There’s this thing that happens on LSD where synchronicity seems to be everywhere. And not just while you’re actually on an LSD trip, either: if you’re doing LSD regularly, and using it to tap into the levels of consciousness where archetypal forces dwell, synchronicity has a way of accelerating in your life in general, even on the days you’re not on any drugs. Carl Jung talked about that, about how tapping into the realm of the archetypal correlates with increased synchronicity in one’s life.

So that was our reality, back in those formative years when we were first collaborating and laying the groundwork for what would grow into the Weird Luck saga. We were fascinated with synchronicity, immersed in it and finding aesthetic delight in the ways in which it manifested. And this came to inform our whole creative style. From very early on, from our late teens onward, our work was full of, and shaped by, this delight in synchronicity and in the phenomenon that we eventually came to call weird luck. 

Andrew: I came up with the term “weird luck” during those acid days of the late ‘80s, not just as a description of the experience of synchronicity, but as a fanciful attribute we possessed as individuals. “Not necessarily good, not necessarily bad, but always weird.”

Outcasts pervade our work. Deviation from norms, struggles against one sort of status quo or other — these are underlying concepts that manifest all over the place.
— Andrew M. Reichart

Over the years this idea stuck with me. While I was working on what eventually became my first finished book, I reflected on various improbable narrative conventions we tend to accept — not just the blatant things like the deus ex machina, but lesser coincidences that pepper ordinary tales, especially genre stories. It occurred to me: why not explicitly use Weird Luck, the cosmic trait that bends probability around an individual, as an in-system explanation for this sort of unlikely turn of events?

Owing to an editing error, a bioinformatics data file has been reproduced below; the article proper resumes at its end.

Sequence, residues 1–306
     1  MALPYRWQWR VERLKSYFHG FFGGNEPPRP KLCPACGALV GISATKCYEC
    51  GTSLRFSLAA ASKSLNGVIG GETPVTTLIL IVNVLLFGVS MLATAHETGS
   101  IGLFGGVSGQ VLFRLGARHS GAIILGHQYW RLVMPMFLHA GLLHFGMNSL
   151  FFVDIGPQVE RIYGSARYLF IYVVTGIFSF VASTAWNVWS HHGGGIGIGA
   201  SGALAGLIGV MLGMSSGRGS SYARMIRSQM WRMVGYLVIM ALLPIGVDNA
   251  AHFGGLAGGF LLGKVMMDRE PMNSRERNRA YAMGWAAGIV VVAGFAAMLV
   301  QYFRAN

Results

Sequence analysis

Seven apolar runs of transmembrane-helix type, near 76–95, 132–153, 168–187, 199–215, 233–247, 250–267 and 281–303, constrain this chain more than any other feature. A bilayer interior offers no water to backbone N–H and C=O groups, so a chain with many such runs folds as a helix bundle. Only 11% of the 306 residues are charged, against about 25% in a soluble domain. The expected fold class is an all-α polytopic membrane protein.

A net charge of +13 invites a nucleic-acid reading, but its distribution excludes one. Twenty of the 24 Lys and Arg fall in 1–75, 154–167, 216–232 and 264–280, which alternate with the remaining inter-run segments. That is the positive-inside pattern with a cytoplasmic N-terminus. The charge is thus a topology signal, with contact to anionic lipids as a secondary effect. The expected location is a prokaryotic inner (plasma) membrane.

Since I knew the Reality Patrol would make an appearance at the end of this book, and since they’d presumably be aware of this phenomenon (and suitably wary of it), I went ahead and came up with their nomenclature for it: Chronic Synchronicity Syndrome (both Common and Extreme varieties).

Although this started as a small throwaway idea, I ended up liking it so much that I ended up naming the book Weird Luck in the City of the Watcher when I finished it in 2004.

Occasionally I notice a story by someone else that’s especially thick with such improbabilities, presumably because the writer is deliberately playing with these tropes in some fashion. (Kiss Kiss Bang Bang being a brilliant example — though I can’t mention that film, as much as I like it, without giving a thumbs-down to its mediocre gender politics, bleh.) Of course, such characters have Weird Luck in my headcanon.

Andrew M. Reichart

Andrew M. Reichart

Nick: Yeah, Weird Luck is a great concept to have as part of one’s headcanon. When I’m enjoying any work of fiction, in any medium, I’m always noticing which characters register as queer to me, which characters register as neurodivergent to me, and which characters register to me as having Weird Luck.

I love the whole idea of the Reality Patrol having this medical-sounding term for it, Chronic Synchronicity Syndrome, because it references the way that phenomena like queerness and neurodivergence have been medicalized within cultures and social institutions in our own world.

Every authoritarian system tries to enforce certain norms, and has stigmatizing ways of categorizing the modes of being that deviate from those norms. The Reality Patrol can give the illusion of being enlightened in a Starfleet kind of way, because they’re cool with some forms of diversity that the dominant culture in our world is still definitely not cool with. But they’re still very much an authoritarian organization, so they’re inevitably going to be identifying some group or another as deviant and problematic. On an institutional policy level, the Reality Patrol is really good about gender diversity and racial diversity. But they’re definitely not cool with… whatever you want to call the spectrum of diversity that Weird Luck is a manifestation of. Karmic diversity?